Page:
Tuesday, February 7, 2012
What It Feels Like for a Girl
I never particularly thought of myself as a girl.
I mean, clearly, I am anatomically girl-like. But I've always been more interested in the things that boys do than the things that girls do. I had G.I Joes and Legos instead of Barbies. I played video games with the boys rather than, uh, whatever girls did. I played percussion rather than the flute or clarinet - the drumline is a hell of a fun place to be, pushups and all. I worked in the server room in my jeans and t-shirt instead of in the office in business casual. (I miss that cold-ass server room.) I'm far more comfortable with a room full of men than I am with a room full of women, and, in fact, the latter scenario freaks me out. When Megan had the idea for this site, I was sort of surprised when she asked me to write for her. What the hell did I know about the female side of anything?
My first article here was about makeup. Do you know how many of my real life friends boggled at that? Every single one of them who saw it. It's not that I don't wear makeup or like it well enough, they just figured if I was writing for a blog, I'd be ranting about something - video games or computers or what not. I wasn't sure there were other women out there who actually cared about that stuff. So, I played it safe and went with makeup because chicks like makeup, amirite?
It took quite a bit of coaxing by Megan before I was comfortable writing the stuff I was actually thinking. Things like how much that stupid-ass Slave Leia outfit pissed me off, or how much it irked me that my badass warrior woman was wearing 3 ounces of tinfoil, or how I wished I was more like Samantha Carter and less like Brenda Walsh. These are the strange things that come out of my brain and Megan has been incredibly supportive of my bizarreness. Gradually, I got to the point where I was looking at things from what I call A Stellar Four Point of View: What do I think of this as a person and how does it impact me as a female? The first part always came to me naturally, but the latter was something I had always discarded as irrelevant. I thought girl things - and female perspective - were things I didn't want or need.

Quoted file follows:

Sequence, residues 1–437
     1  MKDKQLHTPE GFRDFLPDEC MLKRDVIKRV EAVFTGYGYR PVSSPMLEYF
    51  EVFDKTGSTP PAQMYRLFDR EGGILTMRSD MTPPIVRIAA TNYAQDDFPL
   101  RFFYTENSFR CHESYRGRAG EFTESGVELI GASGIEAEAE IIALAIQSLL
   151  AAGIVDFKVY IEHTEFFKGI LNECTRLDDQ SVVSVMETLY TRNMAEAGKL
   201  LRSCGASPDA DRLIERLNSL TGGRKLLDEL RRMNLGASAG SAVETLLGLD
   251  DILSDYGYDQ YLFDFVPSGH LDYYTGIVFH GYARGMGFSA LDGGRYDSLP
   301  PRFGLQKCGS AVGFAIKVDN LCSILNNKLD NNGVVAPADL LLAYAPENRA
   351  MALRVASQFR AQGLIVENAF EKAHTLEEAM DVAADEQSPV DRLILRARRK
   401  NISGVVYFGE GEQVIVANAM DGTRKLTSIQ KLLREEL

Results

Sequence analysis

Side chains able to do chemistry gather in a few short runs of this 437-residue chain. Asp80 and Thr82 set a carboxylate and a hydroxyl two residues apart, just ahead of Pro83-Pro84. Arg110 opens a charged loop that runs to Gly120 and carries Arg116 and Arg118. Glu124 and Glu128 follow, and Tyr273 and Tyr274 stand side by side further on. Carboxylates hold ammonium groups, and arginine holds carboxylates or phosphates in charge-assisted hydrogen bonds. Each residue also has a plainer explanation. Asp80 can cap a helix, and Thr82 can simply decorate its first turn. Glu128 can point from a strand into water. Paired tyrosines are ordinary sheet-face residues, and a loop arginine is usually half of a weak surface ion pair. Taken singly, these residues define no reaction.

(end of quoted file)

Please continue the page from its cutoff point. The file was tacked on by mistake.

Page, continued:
About six months after I started writing for Stellar Four, I realized with a shock just how much my perspective had changed. I was sitting on a conference call with network and computer engineers from all over the world. I jumped in and led the resistance against a really stupid idea like I was John Connor battling Skynet. I marshaled my arguments and my forces and had an array of the most influential engineers in the firm backing me. All at once, it struck me that I was the only woman on that call and I was leading the troops. That had often been the case in my career, but after writing for Stellar Four I realized just how strange and wonderful that really was - and how sad that there weren't other women on there, and why the hell was that, anyway?
Every day I'm more mindful of what it feels like for a girl and it's entirely due to writing for Stellar Four. Thank you, Megan, for inviting me to write stuff I didn't think I knew how to write and thereby showing me how to view myself and my life from a broader perspective.
Being a girl is kind of cool. Who knew?